Israeli police attack worshippers at al-Aqsa hours into ceasefire

May 21, 2021

ISRAELI police attacked worshippers at the al-Aqsa mosque today just hours after a ceasefire with Hamas took effect.

Officers fired tear gas, stun grenades and rubber bullets into crowds who had gathered for Friday prayers.

Tens of thousands had gathered at the East Jerusalem mosque, Islam’s third-holiest site, to celebrate the ceasefire, which came into effect at 2am today.

Israeli police spokesman Micky Rosenfeld said that police had come under attack by stone-throwing Palestinians and had responded.

The attack was incendiary given that previous police assaults on worshippers at the mosque, together with Israel’s attempt to evict residents of East Jerusalem’s Sheikh Jarrar neighbourhood from their homes to make way for Jewish settlers, had prompted the 11-day conflict, in which Israel pounded Gaza with hundreds of air raids and artillery bombardments, while Gaza’s ruling Hamas launched thousands of rockets into Israel.

At least 232 Palestinians were killed, including 65 children. Twelve Israelis were killed, including two children.

Israeli newspaper Ha’aretz journalist Amira Hass noted that multiple whole Palestinian families were wiped out in Israeli air raids, indicating a deliberate policy, while medics and journalists were also targeted.

But celebrations took place across Gaza, the West Bank and East Jerusalem today following news of the ceasefire.

In Gaza crowds waved Palestinian and Hamas flags, distributed sweets and set off fireworks.

The militant group hailed the ceasefire, brokered by Egypt, as a victory despite the far higher Palestinian death toll, because Israel had not proved able to stop the rocket fire.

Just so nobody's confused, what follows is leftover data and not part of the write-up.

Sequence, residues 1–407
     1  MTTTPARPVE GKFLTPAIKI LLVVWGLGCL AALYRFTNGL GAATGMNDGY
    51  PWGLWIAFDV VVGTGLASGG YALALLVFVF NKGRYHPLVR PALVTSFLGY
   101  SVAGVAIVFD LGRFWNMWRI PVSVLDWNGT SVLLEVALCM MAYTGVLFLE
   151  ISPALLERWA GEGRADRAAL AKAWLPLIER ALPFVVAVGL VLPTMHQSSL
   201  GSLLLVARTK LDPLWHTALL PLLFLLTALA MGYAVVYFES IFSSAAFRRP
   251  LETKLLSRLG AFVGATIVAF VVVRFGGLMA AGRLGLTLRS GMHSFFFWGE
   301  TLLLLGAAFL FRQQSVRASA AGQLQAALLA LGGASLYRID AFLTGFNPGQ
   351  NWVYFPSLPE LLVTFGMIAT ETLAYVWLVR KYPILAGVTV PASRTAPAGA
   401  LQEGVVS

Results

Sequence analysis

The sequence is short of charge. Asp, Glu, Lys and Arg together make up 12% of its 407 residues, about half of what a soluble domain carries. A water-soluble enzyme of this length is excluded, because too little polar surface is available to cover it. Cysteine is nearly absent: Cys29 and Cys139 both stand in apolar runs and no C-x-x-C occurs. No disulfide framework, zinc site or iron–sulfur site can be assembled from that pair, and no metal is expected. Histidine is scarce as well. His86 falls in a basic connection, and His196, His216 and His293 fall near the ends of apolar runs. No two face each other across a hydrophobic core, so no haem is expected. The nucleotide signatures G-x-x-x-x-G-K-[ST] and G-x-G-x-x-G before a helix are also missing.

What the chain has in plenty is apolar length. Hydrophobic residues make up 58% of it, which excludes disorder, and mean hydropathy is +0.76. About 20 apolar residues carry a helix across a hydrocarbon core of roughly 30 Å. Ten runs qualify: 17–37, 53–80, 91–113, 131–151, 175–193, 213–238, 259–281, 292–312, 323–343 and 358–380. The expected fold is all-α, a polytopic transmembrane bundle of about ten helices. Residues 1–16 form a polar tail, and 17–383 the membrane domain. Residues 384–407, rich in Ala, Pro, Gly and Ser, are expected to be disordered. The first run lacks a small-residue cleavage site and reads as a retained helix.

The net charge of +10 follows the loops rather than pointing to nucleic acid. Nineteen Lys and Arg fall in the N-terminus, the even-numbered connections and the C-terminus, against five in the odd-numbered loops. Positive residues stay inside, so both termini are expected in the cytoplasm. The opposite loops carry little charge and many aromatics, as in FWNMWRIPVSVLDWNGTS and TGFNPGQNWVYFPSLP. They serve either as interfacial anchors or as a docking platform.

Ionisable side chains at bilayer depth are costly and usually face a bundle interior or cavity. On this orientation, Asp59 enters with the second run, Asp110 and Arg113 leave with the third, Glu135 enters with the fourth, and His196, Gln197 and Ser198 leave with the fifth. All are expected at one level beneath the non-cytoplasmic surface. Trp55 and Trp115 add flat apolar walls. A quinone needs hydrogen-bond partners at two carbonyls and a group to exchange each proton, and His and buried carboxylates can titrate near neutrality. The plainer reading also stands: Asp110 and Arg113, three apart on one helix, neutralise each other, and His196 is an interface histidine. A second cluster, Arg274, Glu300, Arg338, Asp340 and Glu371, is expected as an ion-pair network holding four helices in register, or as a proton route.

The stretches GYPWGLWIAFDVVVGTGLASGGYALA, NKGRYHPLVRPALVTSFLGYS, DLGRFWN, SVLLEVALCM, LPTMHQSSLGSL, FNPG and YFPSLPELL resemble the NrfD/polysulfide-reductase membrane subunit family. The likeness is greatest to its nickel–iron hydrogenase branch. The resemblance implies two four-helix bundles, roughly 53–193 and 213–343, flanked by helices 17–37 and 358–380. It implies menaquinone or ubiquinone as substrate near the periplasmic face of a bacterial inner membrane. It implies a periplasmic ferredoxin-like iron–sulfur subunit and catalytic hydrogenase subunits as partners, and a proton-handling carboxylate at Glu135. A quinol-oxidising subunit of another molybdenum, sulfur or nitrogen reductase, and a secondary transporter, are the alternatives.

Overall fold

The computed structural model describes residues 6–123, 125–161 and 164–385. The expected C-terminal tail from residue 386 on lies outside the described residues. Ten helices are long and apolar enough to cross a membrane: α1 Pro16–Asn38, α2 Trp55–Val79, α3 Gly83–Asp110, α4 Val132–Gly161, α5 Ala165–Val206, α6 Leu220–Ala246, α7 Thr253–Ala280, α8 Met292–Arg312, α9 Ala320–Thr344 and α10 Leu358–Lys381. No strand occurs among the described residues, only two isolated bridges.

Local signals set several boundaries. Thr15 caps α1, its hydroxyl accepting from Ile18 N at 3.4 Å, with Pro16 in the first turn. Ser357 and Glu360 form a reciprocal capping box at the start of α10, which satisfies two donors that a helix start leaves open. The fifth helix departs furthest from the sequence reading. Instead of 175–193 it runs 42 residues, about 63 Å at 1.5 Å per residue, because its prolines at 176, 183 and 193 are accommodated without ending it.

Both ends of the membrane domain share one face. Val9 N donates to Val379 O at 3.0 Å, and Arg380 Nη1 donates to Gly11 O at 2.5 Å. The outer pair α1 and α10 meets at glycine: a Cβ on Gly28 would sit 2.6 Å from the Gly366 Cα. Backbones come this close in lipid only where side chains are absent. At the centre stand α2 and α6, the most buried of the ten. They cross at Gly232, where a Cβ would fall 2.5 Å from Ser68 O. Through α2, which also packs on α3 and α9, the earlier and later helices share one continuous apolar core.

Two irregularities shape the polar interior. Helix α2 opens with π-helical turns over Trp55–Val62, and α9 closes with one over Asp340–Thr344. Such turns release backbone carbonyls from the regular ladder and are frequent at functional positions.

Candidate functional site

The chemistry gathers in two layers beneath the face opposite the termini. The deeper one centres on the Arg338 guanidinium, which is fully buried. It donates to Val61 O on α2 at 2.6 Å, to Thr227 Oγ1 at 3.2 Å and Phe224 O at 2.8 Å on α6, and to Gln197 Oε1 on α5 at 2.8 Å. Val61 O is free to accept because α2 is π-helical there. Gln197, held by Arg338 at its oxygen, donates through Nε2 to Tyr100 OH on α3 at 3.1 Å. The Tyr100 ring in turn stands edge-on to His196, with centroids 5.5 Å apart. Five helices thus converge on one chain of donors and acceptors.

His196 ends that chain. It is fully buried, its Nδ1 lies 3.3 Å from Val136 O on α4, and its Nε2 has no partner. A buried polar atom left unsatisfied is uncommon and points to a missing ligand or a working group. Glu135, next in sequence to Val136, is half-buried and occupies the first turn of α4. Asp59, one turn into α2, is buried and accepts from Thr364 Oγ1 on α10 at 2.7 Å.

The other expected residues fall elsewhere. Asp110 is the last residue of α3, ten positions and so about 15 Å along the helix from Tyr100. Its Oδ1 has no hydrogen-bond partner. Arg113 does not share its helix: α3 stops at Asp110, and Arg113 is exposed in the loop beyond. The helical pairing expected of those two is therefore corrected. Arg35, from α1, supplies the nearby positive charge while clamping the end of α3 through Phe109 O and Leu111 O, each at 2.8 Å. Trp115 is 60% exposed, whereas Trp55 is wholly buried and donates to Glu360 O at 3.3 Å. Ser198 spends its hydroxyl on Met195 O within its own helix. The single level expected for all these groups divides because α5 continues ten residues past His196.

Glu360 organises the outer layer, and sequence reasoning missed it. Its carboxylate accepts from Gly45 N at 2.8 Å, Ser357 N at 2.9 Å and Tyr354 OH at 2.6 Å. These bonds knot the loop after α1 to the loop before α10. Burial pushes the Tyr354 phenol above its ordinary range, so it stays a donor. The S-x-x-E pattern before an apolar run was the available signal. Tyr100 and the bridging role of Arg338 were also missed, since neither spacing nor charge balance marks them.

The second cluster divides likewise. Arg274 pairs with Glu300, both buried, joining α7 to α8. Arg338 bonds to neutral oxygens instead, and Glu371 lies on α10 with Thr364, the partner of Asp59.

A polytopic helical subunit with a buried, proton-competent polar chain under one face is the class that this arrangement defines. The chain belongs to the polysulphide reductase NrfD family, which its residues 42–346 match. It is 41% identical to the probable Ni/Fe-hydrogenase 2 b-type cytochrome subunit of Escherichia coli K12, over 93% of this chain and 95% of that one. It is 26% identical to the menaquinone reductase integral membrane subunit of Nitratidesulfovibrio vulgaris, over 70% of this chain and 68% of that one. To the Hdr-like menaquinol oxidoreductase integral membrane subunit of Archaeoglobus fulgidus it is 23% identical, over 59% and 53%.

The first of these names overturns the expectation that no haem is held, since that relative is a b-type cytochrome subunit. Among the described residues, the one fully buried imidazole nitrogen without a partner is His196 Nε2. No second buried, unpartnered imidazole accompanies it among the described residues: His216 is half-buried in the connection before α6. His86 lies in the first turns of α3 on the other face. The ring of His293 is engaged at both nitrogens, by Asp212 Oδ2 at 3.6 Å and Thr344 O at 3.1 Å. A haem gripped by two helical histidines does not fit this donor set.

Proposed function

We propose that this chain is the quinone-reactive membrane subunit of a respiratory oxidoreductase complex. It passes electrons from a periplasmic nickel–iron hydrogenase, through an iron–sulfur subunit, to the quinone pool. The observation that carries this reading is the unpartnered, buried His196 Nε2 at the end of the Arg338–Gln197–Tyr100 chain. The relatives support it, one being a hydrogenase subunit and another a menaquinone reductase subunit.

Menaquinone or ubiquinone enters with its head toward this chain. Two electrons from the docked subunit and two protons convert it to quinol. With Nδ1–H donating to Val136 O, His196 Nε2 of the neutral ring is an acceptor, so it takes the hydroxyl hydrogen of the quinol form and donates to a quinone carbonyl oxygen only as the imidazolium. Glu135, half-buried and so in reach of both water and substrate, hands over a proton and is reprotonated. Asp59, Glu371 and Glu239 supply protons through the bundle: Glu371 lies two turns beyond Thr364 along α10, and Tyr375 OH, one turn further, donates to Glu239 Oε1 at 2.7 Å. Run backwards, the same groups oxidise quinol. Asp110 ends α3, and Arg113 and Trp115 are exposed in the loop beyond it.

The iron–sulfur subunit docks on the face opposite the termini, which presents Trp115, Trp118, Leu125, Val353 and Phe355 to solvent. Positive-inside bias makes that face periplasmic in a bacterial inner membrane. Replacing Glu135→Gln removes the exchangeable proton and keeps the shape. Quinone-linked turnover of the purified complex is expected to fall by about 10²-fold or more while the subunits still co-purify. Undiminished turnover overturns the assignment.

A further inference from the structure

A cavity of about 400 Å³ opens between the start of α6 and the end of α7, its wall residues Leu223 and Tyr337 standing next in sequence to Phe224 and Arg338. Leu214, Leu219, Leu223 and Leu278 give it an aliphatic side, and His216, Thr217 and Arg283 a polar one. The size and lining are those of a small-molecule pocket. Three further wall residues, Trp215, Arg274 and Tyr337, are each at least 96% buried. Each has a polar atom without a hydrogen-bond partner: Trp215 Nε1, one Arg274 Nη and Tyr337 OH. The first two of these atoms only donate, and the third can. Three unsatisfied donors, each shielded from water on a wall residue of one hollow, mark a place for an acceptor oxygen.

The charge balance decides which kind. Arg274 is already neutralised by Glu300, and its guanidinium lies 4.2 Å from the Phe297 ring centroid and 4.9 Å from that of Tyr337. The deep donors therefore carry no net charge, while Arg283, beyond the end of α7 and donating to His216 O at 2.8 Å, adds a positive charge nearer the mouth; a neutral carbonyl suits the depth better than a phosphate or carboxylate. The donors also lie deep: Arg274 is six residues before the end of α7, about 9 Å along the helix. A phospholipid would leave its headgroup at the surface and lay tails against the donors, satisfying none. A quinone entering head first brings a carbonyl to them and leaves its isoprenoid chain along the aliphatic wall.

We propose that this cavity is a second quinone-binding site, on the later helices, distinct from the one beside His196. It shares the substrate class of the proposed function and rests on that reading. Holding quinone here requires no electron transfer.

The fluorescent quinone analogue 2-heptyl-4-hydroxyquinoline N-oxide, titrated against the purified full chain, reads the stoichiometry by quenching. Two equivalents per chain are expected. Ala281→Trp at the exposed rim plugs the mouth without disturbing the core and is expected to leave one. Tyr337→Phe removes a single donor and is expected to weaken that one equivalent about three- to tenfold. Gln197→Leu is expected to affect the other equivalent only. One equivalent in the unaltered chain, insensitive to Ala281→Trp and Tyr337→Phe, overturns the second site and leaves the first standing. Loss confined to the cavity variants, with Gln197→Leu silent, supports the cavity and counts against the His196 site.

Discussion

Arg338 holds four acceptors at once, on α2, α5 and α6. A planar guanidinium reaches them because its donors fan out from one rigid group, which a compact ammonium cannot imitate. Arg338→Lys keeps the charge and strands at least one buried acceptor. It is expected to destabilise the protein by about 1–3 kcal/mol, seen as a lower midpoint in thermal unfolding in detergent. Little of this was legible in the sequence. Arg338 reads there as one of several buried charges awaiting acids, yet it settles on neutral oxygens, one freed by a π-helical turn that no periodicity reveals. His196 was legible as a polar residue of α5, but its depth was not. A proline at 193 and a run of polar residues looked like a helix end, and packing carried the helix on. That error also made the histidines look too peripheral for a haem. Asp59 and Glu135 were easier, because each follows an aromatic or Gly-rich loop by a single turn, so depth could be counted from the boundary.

US President Joe Biden, whose administration blocked four UN security council resolutions calling for a ceasefire over the last 11 days, described the ceasefire as “a genuine opportunity to make progress.”

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But in Israel Prime Minister Benjamin Netanyahu was attacked from the right. Gideon Sa’ar of Likud breakaway party New Hope said the ceasefire was embarrassing, while Itavar Ben Gvir of the far-right Jewish Power called it “a grave surrender.”

The conflict spread within Israel for the first time in two decades, with ethnic violence erupting in several cities and a Palestinian general strike uniting Palestinians inside Israel, in Gaza and across the West Bank.

The Communist Party-led Hadash coalition said it had met Israeli trade union federation Histadrut to press it to defend workers threatened with the sack for taking part.

Norwegian Refugee Council secretary-general Jan Egeland welcomed the ceasefire, but said people should not mistake “calm for normality.

“There is no normality to speak of for the two million Gazans under siege, nor for those living in the West Bank under Israeli occupation.”

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